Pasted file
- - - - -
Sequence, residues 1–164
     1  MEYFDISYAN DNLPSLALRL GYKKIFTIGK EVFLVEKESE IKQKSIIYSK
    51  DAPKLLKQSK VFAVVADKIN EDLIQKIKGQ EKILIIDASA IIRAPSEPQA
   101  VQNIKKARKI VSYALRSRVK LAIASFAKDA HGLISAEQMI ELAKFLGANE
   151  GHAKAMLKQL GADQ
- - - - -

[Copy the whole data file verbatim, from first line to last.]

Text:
Sequence, residues 1–164
     1  MEYFDISYAN DNLPSLALRL GYKKIFTIGK EVFLVEKESE IKQKSIIYSK
    51  DAPKLLKQSK VFAVVADKIN EDLIQKIKGQ EKILIIDASA IIRAPSEPQA
   101  VQNIKKARKI VSYALRSRVK LAIASFAKDA HGLISAEQMI ELAKFLGANE
   151  GHAKAMLKQL GADQ